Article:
Old Town Rock Hill, South Carolina
Reverend Robert George Toatley Sr.
A Guiding Force Who Led by Example and Quiet Yet Firm Voice of Encouragement & Equality
The Rev. Robert George Toatley, Sr., was a native of Irmo, S.C. His father was a school principal, his mother a teacher. He attended Emmett Scott School and Clinton Junior College. Toatley attended Johnson C. Smith University, where he received his bachelor of arts and master of divinity degrees. Following his ordination in 1946, the Rev. Toatley served as a missionary pastor in several parishes across South Carolina. In 1969, he became pastor of Hermon Presbyterian Church in Rock Hill.
Toatley helped promote voter registration among Rock Hill’s African American community. In 1960, together with his friend and fellow minister, the Rev. Cecil Ivory, he was arrested for “trespassing” after they refused to leave Woolworth’s, while supporting a lunch counter demonstration.
Toatley helped organize marches and boycotts. He ministered the Friendship 9 protesters while they were serving a 30-day sentence in the York County prison. One of the students, W.T. “Dub” Massey, said that Toatley “was there during tough times and dealt with things in a positive way. No matter how difficult things were, he had something positive to say.”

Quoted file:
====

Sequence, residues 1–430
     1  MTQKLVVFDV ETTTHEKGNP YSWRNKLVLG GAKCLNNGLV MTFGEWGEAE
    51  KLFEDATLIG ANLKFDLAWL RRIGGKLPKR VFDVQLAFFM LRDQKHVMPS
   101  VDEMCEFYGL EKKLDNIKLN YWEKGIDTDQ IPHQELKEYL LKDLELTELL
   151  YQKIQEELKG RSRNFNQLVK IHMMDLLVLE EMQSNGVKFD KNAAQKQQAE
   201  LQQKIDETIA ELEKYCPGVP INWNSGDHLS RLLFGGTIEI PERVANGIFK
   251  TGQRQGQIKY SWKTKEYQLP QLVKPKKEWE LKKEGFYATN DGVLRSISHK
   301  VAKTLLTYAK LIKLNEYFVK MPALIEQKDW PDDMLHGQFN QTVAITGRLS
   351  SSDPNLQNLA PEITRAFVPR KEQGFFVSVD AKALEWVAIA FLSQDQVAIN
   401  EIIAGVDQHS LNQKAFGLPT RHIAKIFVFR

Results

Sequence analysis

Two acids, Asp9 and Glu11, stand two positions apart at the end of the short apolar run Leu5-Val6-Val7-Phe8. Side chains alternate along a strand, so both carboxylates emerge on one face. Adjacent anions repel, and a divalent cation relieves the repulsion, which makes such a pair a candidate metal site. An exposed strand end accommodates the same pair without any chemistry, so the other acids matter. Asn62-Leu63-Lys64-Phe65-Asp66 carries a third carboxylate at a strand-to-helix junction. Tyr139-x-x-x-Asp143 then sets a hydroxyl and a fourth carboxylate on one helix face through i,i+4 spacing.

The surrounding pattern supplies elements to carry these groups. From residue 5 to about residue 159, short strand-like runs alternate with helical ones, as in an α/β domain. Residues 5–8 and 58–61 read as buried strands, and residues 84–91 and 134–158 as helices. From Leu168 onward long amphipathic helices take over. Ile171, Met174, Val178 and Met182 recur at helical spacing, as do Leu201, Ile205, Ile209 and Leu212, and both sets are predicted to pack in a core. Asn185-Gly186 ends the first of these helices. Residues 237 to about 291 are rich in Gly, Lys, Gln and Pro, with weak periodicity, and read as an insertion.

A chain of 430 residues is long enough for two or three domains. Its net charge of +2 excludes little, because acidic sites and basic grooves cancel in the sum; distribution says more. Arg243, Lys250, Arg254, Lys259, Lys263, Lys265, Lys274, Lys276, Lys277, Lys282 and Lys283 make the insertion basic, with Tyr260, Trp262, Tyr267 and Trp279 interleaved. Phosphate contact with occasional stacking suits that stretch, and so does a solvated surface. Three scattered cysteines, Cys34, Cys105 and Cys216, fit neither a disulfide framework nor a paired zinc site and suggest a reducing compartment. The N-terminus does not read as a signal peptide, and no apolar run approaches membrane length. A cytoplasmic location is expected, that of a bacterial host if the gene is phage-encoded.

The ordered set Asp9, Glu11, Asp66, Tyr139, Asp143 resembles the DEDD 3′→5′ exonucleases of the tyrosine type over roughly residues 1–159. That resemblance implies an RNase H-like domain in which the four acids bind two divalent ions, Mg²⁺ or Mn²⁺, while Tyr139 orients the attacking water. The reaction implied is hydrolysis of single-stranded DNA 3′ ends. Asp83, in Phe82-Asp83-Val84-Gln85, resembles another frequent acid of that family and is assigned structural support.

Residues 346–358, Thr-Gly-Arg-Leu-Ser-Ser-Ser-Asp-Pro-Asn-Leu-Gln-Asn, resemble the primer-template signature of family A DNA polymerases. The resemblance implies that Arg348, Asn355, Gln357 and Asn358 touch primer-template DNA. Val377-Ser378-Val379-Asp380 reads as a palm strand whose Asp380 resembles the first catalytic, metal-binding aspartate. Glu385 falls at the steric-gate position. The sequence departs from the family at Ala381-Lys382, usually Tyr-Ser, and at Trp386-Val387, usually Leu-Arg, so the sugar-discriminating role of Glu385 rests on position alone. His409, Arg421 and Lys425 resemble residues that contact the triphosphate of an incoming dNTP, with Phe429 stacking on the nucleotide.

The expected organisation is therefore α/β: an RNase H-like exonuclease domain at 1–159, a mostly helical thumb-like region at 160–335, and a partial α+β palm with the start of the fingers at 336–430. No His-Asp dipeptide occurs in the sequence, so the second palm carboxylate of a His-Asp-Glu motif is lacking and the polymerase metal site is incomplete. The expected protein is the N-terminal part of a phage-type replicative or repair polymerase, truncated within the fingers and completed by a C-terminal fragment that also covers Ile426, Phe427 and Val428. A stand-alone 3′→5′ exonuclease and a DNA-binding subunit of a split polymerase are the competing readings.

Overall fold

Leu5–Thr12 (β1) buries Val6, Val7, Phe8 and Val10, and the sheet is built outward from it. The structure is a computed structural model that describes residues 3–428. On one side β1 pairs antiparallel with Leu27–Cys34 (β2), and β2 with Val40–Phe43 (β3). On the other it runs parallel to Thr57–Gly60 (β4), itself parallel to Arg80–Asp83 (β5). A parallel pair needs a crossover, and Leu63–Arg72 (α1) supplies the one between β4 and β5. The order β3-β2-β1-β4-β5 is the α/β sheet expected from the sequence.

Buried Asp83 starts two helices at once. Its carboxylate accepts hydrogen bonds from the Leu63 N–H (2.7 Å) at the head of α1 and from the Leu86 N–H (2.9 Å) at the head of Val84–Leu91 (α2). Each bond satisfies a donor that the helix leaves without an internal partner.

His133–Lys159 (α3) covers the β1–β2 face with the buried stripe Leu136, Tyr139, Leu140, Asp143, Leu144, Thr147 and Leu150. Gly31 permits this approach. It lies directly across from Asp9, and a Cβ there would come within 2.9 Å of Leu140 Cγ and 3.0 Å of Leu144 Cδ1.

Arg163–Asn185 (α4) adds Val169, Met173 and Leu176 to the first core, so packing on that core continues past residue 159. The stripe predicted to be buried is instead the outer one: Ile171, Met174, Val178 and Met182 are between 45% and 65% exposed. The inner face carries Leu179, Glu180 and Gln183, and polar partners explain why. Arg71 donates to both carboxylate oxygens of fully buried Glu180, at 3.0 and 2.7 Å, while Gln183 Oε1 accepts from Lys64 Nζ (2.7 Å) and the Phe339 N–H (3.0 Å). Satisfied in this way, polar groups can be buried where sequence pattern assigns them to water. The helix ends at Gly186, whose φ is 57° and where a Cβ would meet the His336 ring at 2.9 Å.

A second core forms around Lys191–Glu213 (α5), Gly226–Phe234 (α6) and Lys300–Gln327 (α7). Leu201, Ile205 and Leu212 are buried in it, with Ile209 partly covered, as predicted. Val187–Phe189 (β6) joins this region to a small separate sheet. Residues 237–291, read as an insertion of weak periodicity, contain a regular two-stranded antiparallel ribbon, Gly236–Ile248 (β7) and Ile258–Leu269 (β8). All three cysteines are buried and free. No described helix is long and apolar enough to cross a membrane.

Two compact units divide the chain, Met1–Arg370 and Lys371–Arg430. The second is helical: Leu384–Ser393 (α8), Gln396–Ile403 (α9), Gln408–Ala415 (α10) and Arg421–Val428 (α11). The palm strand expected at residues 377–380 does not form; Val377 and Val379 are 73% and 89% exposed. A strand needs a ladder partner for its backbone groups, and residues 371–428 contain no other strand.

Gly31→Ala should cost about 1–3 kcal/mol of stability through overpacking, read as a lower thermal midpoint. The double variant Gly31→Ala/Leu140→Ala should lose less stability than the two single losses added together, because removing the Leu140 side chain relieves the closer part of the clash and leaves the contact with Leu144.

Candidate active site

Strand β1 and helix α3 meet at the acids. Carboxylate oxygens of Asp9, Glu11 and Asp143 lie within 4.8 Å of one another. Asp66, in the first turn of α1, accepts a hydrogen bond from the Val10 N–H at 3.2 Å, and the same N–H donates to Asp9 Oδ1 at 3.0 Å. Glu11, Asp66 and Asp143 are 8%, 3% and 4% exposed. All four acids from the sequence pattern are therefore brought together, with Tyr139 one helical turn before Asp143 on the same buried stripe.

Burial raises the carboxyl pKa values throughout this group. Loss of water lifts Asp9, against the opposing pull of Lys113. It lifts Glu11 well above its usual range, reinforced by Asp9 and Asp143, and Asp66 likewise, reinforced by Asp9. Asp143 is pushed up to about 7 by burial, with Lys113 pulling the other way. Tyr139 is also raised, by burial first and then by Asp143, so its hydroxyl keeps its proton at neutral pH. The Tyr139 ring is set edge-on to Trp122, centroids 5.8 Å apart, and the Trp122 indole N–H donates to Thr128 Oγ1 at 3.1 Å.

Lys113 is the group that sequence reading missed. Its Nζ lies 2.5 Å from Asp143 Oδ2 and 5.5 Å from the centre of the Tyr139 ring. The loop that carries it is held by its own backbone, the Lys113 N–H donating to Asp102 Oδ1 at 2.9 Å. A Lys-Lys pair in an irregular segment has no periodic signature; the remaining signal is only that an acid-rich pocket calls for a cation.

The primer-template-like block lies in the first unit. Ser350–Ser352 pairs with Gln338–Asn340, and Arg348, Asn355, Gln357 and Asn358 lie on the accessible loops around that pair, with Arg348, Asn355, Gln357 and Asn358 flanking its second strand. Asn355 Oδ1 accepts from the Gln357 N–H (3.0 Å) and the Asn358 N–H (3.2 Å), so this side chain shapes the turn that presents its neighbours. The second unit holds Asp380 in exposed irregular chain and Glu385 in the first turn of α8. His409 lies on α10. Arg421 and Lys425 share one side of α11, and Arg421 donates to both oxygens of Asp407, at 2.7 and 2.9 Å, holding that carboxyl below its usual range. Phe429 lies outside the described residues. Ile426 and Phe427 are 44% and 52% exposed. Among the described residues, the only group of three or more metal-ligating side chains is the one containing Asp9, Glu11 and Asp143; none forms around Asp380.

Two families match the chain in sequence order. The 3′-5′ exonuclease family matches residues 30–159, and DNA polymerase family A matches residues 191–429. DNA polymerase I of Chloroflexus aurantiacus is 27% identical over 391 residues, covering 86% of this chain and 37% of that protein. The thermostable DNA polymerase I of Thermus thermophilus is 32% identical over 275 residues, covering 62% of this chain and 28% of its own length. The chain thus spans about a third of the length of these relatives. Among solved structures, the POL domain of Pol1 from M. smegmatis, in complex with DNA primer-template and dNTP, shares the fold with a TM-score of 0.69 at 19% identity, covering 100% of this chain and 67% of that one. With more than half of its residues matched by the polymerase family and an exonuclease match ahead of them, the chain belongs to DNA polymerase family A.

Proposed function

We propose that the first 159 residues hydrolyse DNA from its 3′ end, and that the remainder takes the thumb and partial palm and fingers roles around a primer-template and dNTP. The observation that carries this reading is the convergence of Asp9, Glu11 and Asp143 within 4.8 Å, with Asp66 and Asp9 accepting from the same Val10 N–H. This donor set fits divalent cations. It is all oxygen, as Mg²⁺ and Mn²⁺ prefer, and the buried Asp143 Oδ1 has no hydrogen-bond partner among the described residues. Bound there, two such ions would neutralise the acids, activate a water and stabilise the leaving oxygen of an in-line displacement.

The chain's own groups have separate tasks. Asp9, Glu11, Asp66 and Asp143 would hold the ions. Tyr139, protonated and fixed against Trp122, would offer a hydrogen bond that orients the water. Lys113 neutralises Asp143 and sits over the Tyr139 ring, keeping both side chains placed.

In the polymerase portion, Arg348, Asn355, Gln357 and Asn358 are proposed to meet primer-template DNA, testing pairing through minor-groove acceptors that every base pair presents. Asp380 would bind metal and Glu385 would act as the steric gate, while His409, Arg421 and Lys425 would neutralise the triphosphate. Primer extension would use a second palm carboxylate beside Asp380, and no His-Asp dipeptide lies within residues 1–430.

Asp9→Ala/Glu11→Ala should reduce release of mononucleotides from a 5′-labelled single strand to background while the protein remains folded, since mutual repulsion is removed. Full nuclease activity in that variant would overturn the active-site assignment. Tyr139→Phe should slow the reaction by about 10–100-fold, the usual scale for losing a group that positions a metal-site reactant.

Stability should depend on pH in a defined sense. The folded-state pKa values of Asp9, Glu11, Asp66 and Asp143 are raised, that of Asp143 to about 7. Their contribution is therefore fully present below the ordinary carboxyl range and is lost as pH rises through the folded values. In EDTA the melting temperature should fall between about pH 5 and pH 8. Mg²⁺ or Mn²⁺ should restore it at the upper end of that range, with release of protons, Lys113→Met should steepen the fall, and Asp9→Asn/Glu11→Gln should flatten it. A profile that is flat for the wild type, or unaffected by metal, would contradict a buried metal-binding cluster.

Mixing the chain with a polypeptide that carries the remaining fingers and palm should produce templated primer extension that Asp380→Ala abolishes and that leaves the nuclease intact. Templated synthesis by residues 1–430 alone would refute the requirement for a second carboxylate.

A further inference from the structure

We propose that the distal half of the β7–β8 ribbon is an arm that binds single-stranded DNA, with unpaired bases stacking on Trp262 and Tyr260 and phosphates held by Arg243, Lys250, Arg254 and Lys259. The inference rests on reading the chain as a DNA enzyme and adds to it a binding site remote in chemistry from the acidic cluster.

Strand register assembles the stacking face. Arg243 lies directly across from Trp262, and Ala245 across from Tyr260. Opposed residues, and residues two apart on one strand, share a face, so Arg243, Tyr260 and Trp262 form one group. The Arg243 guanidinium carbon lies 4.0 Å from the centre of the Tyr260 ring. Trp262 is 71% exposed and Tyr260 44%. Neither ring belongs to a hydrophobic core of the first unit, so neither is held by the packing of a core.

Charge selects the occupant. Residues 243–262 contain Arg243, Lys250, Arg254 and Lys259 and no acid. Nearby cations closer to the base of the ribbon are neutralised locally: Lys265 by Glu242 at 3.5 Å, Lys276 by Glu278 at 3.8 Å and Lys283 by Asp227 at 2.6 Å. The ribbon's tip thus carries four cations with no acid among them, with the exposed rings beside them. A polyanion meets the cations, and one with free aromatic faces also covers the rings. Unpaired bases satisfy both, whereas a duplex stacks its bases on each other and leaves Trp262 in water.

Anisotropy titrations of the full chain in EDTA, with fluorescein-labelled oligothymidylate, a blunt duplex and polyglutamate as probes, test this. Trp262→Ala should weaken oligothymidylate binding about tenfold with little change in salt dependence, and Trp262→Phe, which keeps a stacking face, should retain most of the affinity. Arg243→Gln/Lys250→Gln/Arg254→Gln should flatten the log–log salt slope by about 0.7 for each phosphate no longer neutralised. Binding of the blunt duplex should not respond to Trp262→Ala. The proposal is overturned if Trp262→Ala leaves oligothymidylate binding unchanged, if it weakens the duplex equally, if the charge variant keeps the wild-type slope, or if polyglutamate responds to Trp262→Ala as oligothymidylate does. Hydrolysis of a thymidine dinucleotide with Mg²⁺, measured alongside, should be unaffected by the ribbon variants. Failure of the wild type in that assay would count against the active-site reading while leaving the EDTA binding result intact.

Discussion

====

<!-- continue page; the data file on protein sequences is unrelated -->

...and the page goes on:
Toatley fought to integrate Rock Hill’s schools, His son, Robert Toatley, Jr., was one of seven African-American students that integrated Rock Hill High School. Toatley followed the school bus to help ensure their safety.
"He was there during tough times and dealt with things in a positive way. No matter how difficult things were, he had something positive to say.”
He knew and was inspired by the Rev. Martin Luther King, Jr., and traveled to the nation’s capital in 1963 to participate in the March on Washington, where he witnessed Dr. King deliver his “I Have a Dream” speech. Years later, reflecting on Dr. King’s philosophy of non-violent protest, Toatley said, “You can’t go in there with fists fighting.”
In 1969 Toatley became the first person of color to run for Rock Hill City Council, advocating for better housing and education. While Toatley did not win, he paved the way for later generations of African-American elected officials.
Toatley was a peacemaker undeterred by threats of violence. Brother David Boone said, “No one was threatened more.”
He was instrumental in bringing national attention to the plight of Lenell Geter, a South Carolinian, who in 1982, was wrongly convicted of armed robbery in Texas. Alerted by his son to this injustice, Toatley advocated on Geter’s behalf. His speech to a local church group led to one member connecting CBS’ “60 Minutes,” whose episode on Geter was instrumental in his vindication and release from prison. That story won a Peabody Award, the highest recognition for TV journalism.
He served as president of the Rock Hill Christian Ministerial Association and as chairman of the Mayor’s Commission on Human Relations. He also was president of the Clinton College Alumni Association.
His legacy continues to this day, memorialized in the annual Robert Toatley College Scholarship, funded by his college fraternity, Phi Beta Sigma,
His passionate advocacy for justice, his legacy of peaceful protest, and support of equal rights and equal education make the Rev. Robert G. Toatley, Sr., an inspiration to all citizens.